Cookies and Privacy

The University uses cookies on this website to provide the best experience possible including delivering personalised content on this website, other websites and social media. By continuing to use the site you agree to this, or your can go to our cookie policy to learn more and manage your settings.

Made in Birmingham - Punk, Reggae and Bhangra


A film exploring some of the most influential music to come out of Birmingham is being premiered in the city.

On Thursday 28 October Midlands Arts Centre (Mac) will be screening Made in Birmingham: Reggae Punk Bhangra which was executive co-produced by Jez Collins, who is a Researcher in the Centre for Media and Cultural Research at Birmingham City University’s School of Media.

The new one hour documentary, which has been nominated for two Royal Television Society Midlands Awards including best documentary and best newcomer for director, Deborah Aston. It examines the three genres of music that have been influenced by musicians from the second city. The film features contributions and archive footage of Brian Travers (UB40) Dennis Seaton (Musical Youth) Kevin Rowland (Dexys Midnight Runners) Rankin' Roger (The Beat) and Ammo Talwar (Punch Records) and a host of other musicians whose voice is rarely heard in the story of Birmingham music.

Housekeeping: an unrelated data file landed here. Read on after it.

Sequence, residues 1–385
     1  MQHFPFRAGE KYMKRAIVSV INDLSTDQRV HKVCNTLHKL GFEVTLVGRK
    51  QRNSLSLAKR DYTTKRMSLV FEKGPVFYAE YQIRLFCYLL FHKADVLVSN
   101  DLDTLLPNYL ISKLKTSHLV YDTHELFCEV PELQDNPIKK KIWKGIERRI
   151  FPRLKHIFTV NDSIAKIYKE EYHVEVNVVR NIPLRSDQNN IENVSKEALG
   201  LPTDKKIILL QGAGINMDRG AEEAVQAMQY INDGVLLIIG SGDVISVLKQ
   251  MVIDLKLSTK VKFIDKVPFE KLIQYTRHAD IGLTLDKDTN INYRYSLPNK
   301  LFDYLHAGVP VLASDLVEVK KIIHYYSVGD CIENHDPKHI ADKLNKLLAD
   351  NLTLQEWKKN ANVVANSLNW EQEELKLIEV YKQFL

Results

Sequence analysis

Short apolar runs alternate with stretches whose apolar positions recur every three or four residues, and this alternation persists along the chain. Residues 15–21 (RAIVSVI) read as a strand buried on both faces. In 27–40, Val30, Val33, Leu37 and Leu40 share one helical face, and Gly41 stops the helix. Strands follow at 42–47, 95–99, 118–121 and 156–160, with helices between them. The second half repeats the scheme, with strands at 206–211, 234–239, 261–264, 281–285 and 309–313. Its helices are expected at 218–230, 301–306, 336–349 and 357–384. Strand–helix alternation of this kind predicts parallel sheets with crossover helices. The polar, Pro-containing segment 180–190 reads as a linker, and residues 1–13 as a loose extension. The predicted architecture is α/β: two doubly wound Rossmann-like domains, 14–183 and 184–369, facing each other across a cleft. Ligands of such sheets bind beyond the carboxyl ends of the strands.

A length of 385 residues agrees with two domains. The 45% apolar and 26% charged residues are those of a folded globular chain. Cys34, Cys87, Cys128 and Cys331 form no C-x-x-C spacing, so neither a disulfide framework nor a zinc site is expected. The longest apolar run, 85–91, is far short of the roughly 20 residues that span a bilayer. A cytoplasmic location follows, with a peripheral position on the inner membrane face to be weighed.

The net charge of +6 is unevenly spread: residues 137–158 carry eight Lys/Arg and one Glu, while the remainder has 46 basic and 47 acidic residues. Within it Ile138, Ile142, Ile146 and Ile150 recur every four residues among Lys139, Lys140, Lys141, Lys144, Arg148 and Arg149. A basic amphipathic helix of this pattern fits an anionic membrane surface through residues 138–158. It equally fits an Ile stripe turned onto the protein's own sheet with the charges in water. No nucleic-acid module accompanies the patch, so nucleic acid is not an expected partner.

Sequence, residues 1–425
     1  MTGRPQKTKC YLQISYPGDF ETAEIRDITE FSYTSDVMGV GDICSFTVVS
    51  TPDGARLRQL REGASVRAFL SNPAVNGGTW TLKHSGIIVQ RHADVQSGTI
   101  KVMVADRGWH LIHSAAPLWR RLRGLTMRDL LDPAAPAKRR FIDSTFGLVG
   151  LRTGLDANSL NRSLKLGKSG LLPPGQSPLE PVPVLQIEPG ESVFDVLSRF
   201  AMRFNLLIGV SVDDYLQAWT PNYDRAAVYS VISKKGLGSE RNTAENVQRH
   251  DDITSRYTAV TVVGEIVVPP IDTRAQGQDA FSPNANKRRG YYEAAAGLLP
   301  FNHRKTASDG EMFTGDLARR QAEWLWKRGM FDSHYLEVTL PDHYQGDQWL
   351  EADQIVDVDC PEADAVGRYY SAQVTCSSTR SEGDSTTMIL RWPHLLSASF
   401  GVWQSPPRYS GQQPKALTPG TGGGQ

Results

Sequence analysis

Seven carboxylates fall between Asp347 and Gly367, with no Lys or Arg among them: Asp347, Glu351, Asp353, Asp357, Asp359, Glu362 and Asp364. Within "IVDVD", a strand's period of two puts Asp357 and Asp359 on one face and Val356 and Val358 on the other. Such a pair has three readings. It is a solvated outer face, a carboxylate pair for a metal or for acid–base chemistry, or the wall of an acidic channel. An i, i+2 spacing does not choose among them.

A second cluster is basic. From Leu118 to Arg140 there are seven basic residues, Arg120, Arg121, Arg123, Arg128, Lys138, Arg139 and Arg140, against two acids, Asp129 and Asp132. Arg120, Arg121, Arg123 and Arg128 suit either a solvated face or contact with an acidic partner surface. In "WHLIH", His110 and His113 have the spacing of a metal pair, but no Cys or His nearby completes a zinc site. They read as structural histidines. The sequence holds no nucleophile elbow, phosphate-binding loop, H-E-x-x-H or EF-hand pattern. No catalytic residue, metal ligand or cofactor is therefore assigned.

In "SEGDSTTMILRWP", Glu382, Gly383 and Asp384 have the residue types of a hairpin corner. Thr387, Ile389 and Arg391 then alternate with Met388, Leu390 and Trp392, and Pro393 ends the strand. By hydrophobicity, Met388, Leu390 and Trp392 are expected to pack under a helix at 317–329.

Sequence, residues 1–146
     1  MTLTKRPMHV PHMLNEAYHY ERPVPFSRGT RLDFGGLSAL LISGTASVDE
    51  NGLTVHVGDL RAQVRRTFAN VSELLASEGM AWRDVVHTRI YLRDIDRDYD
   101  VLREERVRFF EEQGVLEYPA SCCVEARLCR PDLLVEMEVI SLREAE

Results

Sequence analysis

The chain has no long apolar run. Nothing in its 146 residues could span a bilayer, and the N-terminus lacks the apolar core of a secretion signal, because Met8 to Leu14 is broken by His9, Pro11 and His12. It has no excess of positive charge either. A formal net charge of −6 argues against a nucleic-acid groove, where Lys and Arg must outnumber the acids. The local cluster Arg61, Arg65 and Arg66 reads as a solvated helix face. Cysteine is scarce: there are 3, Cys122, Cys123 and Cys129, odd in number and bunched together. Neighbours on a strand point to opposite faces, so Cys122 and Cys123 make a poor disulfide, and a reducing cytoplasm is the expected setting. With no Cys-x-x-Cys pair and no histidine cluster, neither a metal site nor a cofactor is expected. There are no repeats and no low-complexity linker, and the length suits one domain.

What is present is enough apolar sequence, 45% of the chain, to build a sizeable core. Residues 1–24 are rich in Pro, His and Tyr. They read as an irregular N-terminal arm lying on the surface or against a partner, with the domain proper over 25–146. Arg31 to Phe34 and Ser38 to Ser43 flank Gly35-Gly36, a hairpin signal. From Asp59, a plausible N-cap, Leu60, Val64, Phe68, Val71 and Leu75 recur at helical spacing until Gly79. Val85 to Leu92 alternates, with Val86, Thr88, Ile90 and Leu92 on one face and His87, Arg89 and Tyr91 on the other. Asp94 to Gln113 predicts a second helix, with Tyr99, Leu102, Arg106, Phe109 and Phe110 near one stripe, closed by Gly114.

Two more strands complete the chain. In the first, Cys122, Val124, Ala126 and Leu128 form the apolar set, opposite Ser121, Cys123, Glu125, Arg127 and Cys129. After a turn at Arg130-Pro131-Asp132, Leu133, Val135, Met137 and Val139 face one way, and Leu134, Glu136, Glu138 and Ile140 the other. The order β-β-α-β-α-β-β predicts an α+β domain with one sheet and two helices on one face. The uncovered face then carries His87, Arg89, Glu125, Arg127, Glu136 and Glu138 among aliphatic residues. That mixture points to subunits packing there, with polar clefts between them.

The documentary argues that Birmingham has a rich but largely ignored musical history and explores the range of social, political and cultural issues that gave rise to the music originating from the city. Rare archive footage is used to shed new insight into the city and its music, and how diverse cultures arriving or settling in Birmingham have contributed to the music scene.

Co-executive producer, Jez Collins, said: “This is an extension of the work of the Birmingham Popular Music Archive ( which aims to celebrate and recognise the amazing music activity that has come from, and continues to originate, in the city.

“We specifically looked at Reggae, Punk and Bhangra in this film but it could have easily been about the folk scene or heavy metal, new romantics or the amazing clubbing scene. Next time perhaps!

“There is such a rich, diverse cultural history of music in the city. And it's not only the musicians but the clubs and venue, the record shops, managers, record labels and so on. It's great for the film to get recognition as it reflects well on the work we do here in the Centre for Media and Cultural Research at the University by showcasing how we endeavour to disseminate our research work in interesting and accessible ways.”

(photo Jeff Widener)

Return to the previous page.